It’s difficult to maintain an application developed with old technology. It unnecessarily takes more of the developer’s valuable time. Fewer and fewer developers want to work on old code, especially if the code doesn’t have a clear and consistent architecture.

The Product Owner has a lot of experience with Java. It’s easier for him to read typed code than JavaScript code. A neat perk is that even though he doesn’t have much experience with Vue he can still read and understand the TypeScript code. On top of that, TypeScript has some familiar features such as Interfaces (to some extent). Once migrated to Vue, the application will be much more maintainable with the better user experience.

How our experience with TypeScript?

So far, Vue CLI provides built-in TypeScript tooling support. Unfortunately, it doesn’t work with TS that great out of the box. We found that some helper libraries were necessary to work comfortably. To name a few, we’re actively using vue-property-decorator and vuex-class. These libraries gave us the ability to use Decorators, making out code more readable. Decorators are basically telling the transpiler to create a method of a certain type. Here’s an example of a getter:

@Getter(info) info: string;

To give you a bit of context, here’s some code:

@Getter(GET_USER) user!: any;
@Getter(GET_NOTIFICATIONS_BARS) notificationsBars!: string;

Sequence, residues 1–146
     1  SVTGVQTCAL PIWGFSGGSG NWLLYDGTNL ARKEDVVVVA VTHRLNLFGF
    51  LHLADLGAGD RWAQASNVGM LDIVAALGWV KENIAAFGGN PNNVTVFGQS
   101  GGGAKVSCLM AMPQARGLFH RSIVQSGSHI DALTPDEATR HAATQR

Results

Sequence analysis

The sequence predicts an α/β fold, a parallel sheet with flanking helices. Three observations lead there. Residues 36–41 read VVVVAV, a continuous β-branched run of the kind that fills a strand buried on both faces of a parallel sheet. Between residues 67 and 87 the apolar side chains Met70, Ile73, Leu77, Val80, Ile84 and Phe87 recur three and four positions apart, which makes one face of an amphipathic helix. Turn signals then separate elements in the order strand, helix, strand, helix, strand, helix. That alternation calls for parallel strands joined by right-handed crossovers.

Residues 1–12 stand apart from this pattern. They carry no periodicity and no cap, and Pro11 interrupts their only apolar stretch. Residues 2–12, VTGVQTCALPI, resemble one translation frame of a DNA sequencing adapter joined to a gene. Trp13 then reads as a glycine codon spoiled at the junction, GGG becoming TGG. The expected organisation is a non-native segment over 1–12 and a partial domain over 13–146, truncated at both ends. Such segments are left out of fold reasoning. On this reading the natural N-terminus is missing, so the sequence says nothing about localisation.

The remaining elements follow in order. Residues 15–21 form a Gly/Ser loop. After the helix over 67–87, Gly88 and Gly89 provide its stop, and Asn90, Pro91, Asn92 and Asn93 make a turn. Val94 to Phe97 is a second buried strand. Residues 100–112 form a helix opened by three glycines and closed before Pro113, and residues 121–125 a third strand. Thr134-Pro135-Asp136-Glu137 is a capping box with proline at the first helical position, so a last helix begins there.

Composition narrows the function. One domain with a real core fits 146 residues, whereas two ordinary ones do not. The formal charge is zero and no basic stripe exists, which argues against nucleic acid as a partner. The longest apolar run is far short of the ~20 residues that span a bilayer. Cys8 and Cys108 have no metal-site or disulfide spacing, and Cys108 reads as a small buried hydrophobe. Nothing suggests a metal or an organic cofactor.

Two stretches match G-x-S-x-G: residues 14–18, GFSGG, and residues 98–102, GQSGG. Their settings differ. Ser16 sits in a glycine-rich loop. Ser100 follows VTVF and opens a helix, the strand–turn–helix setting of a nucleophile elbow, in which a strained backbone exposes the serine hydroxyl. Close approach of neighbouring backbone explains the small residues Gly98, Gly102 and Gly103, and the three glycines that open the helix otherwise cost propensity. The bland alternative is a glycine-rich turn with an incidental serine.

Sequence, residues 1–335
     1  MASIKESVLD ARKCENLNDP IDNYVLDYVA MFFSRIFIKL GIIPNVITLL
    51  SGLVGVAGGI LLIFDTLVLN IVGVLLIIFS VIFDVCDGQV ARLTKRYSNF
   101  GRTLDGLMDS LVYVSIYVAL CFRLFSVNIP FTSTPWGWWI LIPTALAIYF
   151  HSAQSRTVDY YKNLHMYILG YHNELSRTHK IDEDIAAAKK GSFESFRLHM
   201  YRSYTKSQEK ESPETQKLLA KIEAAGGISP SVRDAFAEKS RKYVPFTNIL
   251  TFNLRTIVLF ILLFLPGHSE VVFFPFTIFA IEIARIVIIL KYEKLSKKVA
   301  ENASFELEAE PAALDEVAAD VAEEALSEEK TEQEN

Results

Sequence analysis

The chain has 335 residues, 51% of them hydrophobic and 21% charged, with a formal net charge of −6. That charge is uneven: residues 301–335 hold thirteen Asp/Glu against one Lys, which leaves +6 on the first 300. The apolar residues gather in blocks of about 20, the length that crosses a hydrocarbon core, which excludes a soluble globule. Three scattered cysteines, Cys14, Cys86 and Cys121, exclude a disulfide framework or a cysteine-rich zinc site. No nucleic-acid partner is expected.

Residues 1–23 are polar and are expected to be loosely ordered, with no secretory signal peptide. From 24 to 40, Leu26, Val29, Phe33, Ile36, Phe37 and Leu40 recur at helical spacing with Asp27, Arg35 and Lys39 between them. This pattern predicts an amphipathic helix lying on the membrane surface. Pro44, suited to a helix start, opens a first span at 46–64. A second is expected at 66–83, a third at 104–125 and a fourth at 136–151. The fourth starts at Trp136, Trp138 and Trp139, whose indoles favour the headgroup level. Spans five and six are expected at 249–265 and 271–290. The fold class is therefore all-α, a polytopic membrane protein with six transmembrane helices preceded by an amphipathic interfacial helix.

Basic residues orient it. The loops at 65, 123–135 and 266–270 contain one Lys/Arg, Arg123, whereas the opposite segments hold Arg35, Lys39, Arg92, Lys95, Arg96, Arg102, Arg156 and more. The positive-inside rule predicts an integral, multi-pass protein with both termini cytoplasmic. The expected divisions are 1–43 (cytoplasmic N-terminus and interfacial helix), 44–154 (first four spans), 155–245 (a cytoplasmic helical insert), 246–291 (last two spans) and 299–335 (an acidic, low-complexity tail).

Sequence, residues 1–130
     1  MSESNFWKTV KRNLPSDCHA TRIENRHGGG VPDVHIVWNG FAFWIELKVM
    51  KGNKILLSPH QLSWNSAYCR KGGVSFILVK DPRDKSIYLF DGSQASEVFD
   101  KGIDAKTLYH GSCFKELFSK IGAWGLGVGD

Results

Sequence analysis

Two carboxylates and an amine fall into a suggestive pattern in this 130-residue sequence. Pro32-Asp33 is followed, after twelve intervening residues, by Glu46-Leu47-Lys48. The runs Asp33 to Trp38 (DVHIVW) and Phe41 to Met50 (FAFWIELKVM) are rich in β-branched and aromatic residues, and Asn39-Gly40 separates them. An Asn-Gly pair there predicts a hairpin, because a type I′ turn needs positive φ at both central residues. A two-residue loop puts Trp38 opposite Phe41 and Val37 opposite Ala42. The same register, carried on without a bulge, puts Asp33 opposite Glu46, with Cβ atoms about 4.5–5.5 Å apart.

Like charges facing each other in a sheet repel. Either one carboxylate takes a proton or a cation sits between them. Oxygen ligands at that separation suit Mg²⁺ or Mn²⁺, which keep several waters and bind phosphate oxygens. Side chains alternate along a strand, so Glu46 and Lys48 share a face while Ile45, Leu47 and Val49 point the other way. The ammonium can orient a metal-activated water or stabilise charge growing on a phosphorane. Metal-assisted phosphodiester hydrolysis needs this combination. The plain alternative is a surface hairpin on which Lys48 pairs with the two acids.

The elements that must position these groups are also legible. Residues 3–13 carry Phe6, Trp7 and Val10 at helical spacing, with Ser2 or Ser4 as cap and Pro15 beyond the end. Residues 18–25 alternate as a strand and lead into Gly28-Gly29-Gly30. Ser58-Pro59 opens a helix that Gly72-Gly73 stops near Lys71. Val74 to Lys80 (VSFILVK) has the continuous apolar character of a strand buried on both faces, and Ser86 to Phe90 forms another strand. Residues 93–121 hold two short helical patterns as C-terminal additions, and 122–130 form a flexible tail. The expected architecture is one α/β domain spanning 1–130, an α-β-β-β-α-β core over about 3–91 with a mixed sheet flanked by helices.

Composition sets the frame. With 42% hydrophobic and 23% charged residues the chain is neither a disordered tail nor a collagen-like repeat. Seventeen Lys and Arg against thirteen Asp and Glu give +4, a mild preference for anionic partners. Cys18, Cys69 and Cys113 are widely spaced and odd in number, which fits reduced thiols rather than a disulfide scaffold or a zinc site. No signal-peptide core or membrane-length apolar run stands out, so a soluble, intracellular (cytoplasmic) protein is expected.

@Action(EDIT_USER) editUser!: Function;

  form: FormTypes = {
    username: '',
    locale: '',
    firstName: '',
    lastName: ''
  };
  invalidForm: boolean = false;
  fields: any;

  get localeState() {
    return this.user.locale;
  }

Much cleaner than JavaScript, right?

If you’re serious about migrating or building a scalable application with TypeScript, you will have to use Interfaces at some point. They’re basically an object containing data types. Interfaces significantly help you manipulate the data, they’re extremely useful when you need to make some changes to the endpoints as you can quickly find how these changes will affect your Vue application. Here’s an example of an Interface:

Interface Project {
  name: string;
  id: string;
  created: number;
  show: boolean;
}

As you can see, Project’s attributes are clearly defined. Your IDE should inform you that you’re doing something wrong with the data, eliminating the need of unit tests to basically 0. We have found that Interfaces are really useful when working with API in Vuex.